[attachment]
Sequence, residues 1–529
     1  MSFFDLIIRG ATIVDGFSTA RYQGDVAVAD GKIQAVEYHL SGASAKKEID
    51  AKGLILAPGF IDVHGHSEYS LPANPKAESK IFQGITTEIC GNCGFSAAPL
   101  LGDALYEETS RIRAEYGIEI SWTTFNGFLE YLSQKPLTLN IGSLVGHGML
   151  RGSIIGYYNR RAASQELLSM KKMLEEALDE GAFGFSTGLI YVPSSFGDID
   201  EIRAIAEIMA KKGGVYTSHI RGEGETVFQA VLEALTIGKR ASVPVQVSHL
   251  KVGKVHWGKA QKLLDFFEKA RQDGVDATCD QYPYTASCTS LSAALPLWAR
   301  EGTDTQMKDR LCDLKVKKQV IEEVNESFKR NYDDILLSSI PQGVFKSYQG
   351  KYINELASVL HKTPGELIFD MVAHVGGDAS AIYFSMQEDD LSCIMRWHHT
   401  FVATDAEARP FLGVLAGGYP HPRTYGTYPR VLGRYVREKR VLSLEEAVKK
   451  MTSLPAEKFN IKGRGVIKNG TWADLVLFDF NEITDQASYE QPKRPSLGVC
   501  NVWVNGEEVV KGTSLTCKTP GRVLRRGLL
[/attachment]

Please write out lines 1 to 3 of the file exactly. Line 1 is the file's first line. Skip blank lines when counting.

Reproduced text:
Sequence, residues 1–529
     1  MSFFDLIIRG ATIVDGFSTA RYQGDVAVAD GKIQAVEYHL SGASAKKEID
    51  AKGLILAPGF IDVHGHSEYS LPANPKAESK IFQGITTEIC GNCGFSAAPL